A NAVY STORY: Going on 30 years ago in Sasebo, Japan, the Mama-san of the “Blue Moon Bar And Grill” was the mother of my Japanese bargirl ex-fiance, Hitomi. Mama-san’s name was Emiko, but she went by the name of “Cherry”, although any possible resemblence prompting the adoption of that moniker had faded decades since. She was round, fat and jolly, rather a potty mouth for a Japanese woman, but I loved her dearly. I still saw her almost every night I was in port, long after my engagement to her daughter fell apart and Hitomi shipped Stateside with her new Lieutenant.
One day, Mama brought a gift to my hootch. I had a tiny, one-room apartment (“Aparto”, in Japanese) down Shiraki-Cho alley, over an itty-bitty whorehouse joint called the “Snack SWALLOW” where I did a little Johnnie Walker Red and Benson & Hedges cigarette business in the black market. Her gift was a great, big, six-sided ceramic ashtray—with fat, naked sumo wrestlers painted all over it…and lettered for some obscure manufacturing outfit. It was a factory second…I think it had the wrong phone number painted on it…but made by one of the famous Noritake shops in Nagasaki. She got it for a mere few yen at a discount sale, but I treasured it. In the cold Sasebo winter, after she’d close the BLUE MOON for the night, she’d waddle into my door in her silk robe with a big steaming bowl of Udon in her hands, and laugh past the last half-inch of a B & H clenched in her pearly white teeth. Seeing the huge ashtray occupying the entire top of the “kotatsu” kerosene-heated table, she would burst forth with “You SO CRAJEE domb-shit saylah! MOO-VAH dis domb ting! Why you likey dis domb-shit ashu-trayu so muchee?”…but love it I did.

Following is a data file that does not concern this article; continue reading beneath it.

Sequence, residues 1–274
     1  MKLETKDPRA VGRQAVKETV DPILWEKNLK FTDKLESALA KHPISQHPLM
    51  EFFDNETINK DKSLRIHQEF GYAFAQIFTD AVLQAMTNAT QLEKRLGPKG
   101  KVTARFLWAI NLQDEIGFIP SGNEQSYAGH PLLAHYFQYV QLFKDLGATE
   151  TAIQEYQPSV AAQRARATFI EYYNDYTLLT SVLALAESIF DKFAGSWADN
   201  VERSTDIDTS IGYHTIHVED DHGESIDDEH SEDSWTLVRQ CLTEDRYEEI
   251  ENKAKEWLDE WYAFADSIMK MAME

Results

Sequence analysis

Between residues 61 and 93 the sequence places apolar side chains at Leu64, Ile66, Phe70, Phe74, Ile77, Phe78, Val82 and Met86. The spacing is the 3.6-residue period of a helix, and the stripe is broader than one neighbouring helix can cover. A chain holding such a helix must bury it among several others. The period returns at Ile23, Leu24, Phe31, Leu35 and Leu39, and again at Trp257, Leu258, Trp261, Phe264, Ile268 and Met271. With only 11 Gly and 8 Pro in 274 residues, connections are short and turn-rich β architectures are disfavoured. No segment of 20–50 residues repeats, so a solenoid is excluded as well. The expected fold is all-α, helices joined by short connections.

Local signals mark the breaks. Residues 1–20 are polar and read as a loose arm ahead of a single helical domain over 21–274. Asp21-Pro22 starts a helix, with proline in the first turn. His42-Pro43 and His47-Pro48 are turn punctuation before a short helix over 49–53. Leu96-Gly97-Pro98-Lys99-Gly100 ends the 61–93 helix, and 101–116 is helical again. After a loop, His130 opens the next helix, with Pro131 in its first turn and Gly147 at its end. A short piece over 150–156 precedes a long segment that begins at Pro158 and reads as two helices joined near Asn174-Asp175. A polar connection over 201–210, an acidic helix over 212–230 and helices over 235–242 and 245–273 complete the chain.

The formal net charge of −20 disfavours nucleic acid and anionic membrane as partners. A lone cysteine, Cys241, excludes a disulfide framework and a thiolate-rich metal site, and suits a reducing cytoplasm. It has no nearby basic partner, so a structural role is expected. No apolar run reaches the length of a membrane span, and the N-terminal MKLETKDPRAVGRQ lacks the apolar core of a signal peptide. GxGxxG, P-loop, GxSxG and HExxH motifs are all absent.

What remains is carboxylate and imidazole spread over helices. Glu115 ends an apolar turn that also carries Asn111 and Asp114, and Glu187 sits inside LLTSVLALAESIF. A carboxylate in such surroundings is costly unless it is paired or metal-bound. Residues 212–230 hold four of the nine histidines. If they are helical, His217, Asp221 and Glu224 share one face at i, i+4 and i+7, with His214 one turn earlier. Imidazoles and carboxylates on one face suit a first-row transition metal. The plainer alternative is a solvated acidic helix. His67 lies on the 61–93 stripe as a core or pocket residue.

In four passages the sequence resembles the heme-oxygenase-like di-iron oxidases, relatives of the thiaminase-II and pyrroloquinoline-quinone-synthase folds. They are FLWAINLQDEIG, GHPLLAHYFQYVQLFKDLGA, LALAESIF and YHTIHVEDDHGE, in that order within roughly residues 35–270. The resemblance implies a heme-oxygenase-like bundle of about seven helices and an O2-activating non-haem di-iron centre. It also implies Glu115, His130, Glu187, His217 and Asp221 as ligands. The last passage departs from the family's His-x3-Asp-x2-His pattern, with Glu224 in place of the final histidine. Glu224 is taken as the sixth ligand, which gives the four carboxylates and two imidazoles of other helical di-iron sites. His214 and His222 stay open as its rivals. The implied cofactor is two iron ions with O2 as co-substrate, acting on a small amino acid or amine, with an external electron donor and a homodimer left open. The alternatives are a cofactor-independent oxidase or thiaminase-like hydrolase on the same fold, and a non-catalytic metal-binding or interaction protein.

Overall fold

Alas, my sumo ashtray was broken during my recent move earlier this year, when we lost our home and had to move into this very tiny house (not much bigger than my Japanese aparto, now that I think about it. ) . It fell out of an open cardboard box and broke on the concrete pad of our tiny back porch.
For months I had known we were going to lose our house. For days, I had kept a stiff upper lip as we cleaned my home of 19 years to hand over to the buyer, packed most of those 19 years into boxes for storage, and humped them thru the biting, unseasonal bitter April cold to the new place. All that time, I held myself together. When that silly ashtray broke, I lost it. Cherry had been dead for a decade, but I could here her laffing at me, sobbing uncontrollably over that damned thing….”You one DOMB-SHIT saylah!”……..